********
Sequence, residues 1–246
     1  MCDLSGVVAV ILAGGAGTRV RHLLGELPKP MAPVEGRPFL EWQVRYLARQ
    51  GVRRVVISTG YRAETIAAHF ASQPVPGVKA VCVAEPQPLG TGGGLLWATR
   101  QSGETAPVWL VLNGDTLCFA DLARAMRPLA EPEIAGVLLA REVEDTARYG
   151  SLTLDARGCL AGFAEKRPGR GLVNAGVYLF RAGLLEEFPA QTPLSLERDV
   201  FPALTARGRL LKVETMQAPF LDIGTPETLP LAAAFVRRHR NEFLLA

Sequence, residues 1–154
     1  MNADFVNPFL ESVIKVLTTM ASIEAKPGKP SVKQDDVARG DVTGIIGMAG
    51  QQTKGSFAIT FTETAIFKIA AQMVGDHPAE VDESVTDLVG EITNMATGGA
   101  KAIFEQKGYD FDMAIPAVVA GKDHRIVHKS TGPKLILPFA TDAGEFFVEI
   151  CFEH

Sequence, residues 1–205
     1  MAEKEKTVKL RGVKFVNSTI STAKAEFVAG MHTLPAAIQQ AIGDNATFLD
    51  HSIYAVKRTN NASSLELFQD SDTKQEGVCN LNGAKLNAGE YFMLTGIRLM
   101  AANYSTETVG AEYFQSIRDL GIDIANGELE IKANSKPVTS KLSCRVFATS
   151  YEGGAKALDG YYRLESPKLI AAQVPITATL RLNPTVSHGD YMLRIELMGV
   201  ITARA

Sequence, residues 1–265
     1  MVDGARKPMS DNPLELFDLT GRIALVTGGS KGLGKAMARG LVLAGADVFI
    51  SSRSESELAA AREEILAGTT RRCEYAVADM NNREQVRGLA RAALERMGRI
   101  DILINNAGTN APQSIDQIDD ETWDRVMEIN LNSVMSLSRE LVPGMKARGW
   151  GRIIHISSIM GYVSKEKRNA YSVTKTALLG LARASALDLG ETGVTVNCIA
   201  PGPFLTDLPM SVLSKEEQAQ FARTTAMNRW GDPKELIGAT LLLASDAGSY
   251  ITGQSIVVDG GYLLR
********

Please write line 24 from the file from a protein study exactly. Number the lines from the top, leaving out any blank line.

   251  ITGQSIVVDG GYLLR